Heralding from Bordeaux in France’s southwest, if Burgundy’s Chardonnay is the big hitter of white grapes, then Cabernet Sauvignon is its red better half.
Along with Cabernet Franc and Merlot to help blend the wines, Cabernet Sauvignon is the weapon of choice for the most famous red wine houses in world. The Premier Cru (First Growth) wines of The Médoc in Bordeaux (Châteaux such as Lafite, Latour and Margaux, along with Château Haut-Brion from Graves) are amongst the most expensive in the world and were designated the pinnacle of wine making at the Bordeaux Official Wine Classification of 1855.
Small grapes with thick skins mean lots of colour, flavour and tannins. Just as it does a sales person, thick skin protects the grapes on the vine and helps make Cabernet Sauvignon easy to grow. The vines are also resistant to rotting and frosts, which are a real threat to production in colder climates.
Cabernet Sauvignon is also a very consistent grape. Unlike Chardonnay, whose characteristics are highly influenced by geography and winemaking practices, the base flavours and character of Cabernet Sauvignon change little wherever it is grown. With all of these factors in its favour, it is easy to see why Cabernet Sauvignon is grown all over the world!
Although a noble grape of the highest order, Cabernet Sauvignon is actually a cross between the very noble Sauvignon Blanc and the decidedly less noble Cabernet Franc: Cabernet Franc + Sauvignon Blanc = Cabernet Sauvignon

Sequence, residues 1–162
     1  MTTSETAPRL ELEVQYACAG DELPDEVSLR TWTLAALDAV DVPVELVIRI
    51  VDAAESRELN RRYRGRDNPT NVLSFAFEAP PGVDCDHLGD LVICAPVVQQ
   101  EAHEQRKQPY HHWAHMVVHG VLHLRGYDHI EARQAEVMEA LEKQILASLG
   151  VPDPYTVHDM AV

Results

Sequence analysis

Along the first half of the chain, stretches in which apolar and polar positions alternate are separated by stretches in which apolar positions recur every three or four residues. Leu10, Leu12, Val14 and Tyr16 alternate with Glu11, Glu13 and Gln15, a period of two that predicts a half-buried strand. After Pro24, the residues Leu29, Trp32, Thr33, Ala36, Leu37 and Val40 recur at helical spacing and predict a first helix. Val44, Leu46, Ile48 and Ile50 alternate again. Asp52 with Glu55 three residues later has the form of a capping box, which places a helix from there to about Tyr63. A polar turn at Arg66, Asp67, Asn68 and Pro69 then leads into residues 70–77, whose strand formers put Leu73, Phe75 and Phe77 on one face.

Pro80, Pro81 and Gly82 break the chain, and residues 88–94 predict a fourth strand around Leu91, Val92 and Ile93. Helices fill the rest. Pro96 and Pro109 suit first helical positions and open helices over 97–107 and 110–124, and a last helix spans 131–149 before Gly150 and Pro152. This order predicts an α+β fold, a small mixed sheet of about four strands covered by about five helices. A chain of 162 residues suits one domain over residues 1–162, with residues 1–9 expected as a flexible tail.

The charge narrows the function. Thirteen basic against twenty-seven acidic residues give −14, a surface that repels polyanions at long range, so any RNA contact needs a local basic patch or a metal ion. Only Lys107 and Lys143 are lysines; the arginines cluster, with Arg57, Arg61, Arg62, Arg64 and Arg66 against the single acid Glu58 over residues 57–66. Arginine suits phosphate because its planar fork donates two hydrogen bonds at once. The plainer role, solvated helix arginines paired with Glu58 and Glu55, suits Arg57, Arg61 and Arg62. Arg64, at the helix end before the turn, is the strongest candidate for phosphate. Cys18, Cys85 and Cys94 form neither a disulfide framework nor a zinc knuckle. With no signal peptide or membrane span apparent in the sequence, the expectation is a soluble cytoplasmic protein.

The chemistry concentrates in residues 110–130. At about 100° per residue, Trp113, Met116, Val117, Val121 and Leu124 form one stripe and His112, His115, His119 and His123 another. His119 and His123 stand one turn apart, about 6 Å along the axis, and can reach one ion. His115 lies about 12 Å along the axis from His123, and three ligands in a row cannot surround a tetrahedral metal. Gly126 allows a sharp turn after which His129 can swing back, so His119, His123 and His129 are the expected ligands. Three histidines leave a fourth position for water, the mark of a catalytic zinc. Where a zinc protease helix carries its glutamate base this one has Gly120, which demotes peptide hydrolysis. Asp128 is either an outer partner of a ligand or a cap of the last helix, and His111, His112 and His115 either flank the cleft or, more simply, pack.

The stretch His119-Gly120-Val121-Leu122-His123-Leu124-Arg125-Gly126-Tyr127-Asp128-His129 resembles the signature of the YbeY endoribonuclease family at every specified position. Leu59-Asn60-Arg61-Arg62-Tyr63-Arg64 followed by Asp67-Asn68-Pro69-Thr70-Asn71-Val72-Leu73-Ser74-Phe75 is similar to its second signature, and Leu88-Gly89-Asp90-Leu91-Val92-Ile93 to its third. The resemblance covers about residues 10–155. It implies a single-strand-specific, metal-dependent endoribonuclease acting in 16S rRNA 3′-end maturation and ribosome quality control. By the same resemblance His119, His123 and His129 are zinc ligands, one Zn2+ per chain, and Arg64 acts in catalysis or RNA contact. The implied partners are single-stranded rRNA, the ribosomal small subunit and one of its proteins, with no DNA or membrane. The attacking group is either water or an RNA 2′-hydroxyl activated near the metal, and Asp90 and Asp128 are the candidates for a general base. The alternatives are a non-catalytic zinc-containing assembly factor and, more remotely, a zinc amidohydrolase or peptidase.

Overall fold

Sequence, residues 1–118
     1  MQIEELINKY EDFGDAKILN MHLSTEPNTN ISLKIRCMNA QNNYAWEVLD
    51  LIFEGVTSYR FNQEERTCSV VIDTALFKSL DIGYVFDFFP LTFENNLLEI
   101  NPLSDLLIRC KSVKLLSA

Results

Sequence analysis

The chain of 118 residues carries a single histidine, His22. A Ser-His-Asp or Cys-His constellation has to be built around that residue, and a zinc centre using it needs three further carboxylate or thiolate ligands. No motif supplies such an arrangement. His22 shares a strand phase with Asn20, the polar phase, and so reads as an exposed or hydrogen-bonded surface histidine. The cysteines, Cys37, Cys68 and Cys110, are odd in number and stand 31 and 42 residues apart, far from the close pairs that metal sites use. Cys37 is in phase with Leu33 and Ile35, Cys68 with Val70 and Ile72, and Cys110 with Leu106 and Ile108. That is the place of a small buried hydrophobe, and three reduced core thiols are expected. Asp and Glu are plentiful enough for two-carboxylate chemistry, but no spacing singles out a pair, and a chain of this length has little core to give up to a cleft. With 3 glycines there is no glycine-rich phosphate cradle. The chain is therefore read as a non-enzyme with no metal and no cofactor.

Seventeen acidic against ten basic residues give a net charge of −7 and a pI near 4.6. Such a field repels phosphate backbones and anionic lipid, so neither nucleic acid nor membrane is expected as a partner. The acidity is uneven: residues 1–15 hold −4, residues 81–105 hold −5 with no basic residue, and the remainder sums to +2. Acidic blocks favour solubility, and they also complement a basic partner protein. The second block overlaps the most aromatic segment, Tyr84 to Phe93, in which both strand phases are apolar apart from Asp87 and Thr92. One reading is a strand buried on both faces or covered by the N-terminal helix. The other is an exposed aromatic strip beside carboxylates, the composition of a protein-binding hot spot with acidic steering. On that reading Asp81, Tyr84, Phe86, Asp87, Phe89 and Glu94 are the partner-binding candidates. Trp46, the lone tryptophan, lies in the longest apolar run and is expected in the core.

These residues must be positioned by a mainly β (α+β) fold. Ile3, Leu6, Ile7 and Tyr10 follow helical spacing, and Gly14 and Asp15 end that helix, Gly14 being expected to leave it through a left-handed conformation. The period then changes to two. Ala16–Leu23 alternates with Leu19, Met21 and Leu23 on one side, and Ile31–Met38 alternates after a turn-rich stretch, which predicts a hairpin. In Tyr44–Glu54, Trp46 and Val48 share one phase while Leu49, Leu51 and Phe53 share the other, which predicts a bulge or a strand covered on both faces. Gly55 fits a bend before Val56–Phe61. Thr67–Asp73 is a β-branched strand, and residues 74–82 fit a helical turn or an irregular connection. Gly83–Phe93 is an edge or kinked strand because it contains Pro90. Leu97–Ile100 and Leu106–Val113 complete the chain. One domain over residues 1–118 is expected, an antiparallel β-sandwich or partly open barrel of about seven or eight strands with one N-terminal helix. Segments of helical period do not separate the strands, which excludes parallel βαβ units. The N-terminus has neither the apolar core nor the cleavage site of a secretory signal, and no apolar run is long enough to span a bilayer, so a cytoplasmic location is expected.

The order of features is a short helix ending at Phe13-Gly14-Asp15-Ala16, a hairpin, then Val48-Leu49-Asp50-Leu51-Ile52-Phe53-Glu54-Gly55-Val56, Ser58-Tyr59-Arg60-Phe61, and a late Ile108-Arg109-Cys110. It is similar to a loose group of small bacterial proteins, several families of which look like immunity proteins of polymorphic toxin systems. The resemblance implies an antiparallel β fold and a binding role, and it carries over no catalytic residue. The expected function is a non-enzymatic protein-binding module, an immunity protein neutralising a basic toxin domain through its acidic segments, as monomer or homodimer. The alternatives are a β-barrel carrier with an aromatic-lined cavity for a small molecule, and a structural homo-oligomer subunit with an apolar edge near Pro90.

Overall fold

We will discuss crossing grape varieties at a later stage but it is interesting to observe the most common flavour profiles of the Cabernet Franc (Blackberries) and the Sauvignon Blanc (grassiness) grapes present in Cabernet Sauvignon.
Common flavours to look out for in your next bottle:
The typical pronounced fruit flavours associated with Cabernet Sauvignon. Most prominent in warmer climate examples, and those where maximum flavour has been extracted from the grapes (read on…)
Herbaceousness / Green Capsicum
Too much of this grassiness can suggest immature grapes, whose flavours have not fully developed. Mint flavours can be present in cooler climates where there is still sufficient and sun and warmth to fully ripen the grapes.
Warm spice / Vanilla / Leather / Tobacco
These indicate the wine has been oak aged and the prominence of the characteristics can provide clues as to the age of the oak used, size of the barrels, degree of charring, etc.
Typical treatments of Cabernet Sauvignon to be aware of:
Shiraz is the Cabernet blend most known in these parts and is in fact Cabernet Sauvignon’s original pairing partner (as Syrah of course). The traditional Bordeaux blend however is Merlot and Cabernet Franc, but also including minor Bordeaux grapes Malbec and Petit Verdot. The purpose of blending is either to add features to the wine that it will augment its natural style, or to compensate for the shortcomings of the main grape when bad weather has wreaked havoc on the crop or vintage.